As many of you might have twigged, I view all events Norwich City with a pretty distant lens these days.
Gone are the days when it was a 24/7 occupation.
Which, might, lend a little bit of perspective to the state of the Canary Nation; or, by the same token, it might make for an all-too dispassionate view of the debates surrounding the football club.
Which will have only be stirred again by the 0-0 draw with Cardiff.
One of those games that most would have had down as a ‘must win’. And it wasn’t – however hard Norwich huffed and puffed to blow David Marshall’s goal down.
More shots on and off target than any other Premier League club this season; or some such stat I read afterwards as one camp insisted that it was not a lack of attacking intent or ambition that Chris Hughton’s team lacked.
It was just the final execution; once anyone saw the whites of the keeper’s eyes, their effort either went straight down his throat – or flew just high and wide.
Which is true. And there will be other days when one of those 31 efforts will go a foot to the right or the left and Norwich would be two points better off and nestled in amid that mid-table ruck of clubs – all of whom are already banking on Sunderland and Crystal Palace being this season’s no-hopers.
A fond hope that the Black Cats stuck two fingers up at with the derby win over Newcastle.
A trip to the Etihad this weekend is unlikely to provide much by way of immediate relief; that gulf is only widening.
The trip to The Emirates proved that point; what you get for £8 mill is as nothing to what you can get for £42 mill.
But somewhere in the good ship Canary, something is not quite clicking and if history tells us anything, division and poison can make for a long, hard and uneasy campaign – evident when players take to the Twitter air-waves questioning the negative reaction that followed the final whistle against the Bluebirds.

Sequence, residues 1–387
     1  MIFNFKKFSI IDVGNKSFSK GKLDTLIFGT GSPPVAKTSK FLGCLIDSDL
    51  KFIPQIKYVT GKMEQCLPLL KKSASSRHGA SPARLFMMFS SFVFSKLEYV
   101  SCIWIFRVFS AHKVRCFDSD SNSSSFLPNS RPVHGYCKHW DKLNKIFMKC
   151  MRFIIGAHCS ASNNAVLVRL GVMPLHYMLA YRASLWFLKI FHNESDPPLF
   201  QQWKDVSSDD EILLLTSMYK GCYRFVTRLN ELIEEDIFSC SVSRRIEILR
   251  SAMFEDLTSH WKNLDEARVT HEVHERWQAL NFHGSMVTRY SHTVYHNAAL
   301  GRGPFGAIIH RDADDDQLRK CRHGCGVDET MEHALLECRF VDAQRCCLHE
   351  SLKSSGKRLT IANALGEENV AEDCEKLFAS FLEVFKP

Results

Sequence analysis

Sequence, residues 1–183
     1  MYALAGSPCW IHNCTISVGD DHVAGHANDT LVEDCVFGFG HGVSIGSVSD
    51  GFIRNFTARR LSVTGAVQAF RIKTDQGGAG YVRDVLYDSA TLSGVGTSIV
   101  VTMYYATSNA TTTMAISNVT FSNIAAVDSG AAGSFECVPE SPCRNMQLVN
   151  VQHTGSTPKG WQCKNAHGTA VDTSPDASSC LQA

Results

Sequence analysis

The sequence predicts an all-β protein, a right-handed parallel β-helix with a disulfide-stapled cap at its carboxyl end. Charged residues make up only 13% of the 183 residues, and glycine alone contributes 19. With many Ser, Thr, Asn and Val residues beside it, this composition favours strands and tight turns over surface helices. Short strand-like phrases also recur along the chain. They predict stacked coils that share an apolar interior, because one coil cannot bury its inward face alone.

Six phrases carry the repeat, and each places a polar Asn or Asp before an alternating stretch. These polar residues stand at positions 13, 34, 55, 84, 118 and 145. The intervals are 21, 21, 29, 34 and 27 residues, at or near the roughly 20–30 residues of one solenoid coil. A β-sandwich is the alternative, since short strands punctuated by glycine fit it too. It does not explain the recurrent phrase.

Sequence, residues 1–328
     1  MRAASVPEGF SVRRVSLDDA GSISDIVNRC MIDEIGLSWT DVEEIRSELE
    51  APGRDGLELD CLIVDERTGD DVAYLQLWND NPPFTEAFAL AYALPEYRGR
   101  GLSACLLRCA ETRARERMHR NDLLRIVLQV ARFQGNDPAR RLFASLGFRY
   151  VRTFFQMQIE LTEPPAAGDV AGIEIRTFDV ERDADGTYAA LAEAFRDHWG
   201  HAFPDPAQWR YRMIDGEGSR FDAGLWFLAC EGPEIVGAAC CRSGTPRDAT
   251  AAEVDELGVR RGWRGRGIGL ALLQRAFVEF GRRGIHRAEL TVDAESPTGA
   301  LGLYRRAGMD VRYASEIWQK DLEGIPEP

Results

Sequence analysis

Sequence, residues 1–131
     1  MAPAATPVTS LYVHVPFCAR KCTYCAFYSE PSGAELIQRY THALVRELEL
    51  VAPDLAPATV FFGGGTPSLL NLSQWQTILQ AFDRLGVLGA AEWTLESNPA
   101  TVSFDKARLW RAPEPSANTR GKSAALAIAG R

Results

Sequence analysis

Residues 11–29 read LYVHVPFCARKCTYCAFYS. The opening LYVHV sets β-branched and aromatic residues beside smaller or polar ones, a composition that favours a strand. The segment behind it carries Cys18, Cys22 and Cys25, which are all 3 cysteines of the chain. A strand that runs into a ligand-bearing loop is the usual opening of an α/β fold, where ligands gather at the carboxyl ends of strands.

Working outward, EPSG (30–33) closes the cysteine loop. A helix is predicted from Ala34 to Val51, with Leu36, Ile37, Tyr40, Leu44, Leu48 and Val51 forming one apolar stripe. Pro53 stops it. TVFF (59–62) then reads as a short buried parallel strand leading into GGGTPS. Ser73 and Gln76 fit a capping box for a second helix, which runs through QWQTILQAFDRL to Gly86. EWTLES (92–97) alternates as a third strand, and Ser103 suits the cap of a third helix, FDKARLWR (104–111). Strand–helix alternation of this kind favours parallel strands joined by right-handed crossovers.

The punters were banking on three points. Judgement was being aired.
For me, the problem lies at the very tip of the team. The two, big money buys – Ricky van Wolfswinkel and Gary Hooper – have yet to deliver.
One claim, clearly, is that neither has been handed the kind of service required.
And there is that lovely line about Robert Earnshaw that someone once delivered; that all Earnie ever did was score goals…
Point being that there’s more to being a decent striker than scoring goals.
Hooper, in fairness, put a shift in; he put himself about. But there has to be an end product.
And here we get to the difference between an £8 million striker and a £42 million one; the latter has the ability to make his own chances. Out of nothing. He doesn’t need service. He makes his own.
And Norwich – even now – haven’t got the financial ability to buy into that level of player.
But there is an expectation on such players that they will; this is the most that Norwich City Football Club have ever spent on a professional footballer; they are, therefore, expected to deliver.
The other trouble is that one side will swiftly use a lack of form or confidence of those two, principal strikers as a stick to beat the manager with.
He brought them in, at big expense (relatively) and much fanfare – it is his fault that neither have yet to hit the heights expected of them.
That is always going to be a manager’s lot, but – as there was in the fag end days of Nigel Worthington – there appears to be a hard core of supporters who will never be convinced.
From having a manager who could do no wrong (Lambert), we now have a manager who – for some – can do no right.
And as long as luck and results continue to elude him, so that vocal minority will continue to gather support.
And it seeps into the system; that division. And divided clubs tend to be those that under-achieve – particularly if manager and dressing room start to believe they are under siege.
Players tend not to be at their expressive best if they feel every touch and decision is under such a microscope.
It’s not easy. And I’m not about to throw any easy answers into the debate. There aren’t any. Only more risks.
But it has been an awkward autumn; of that there is no doubt.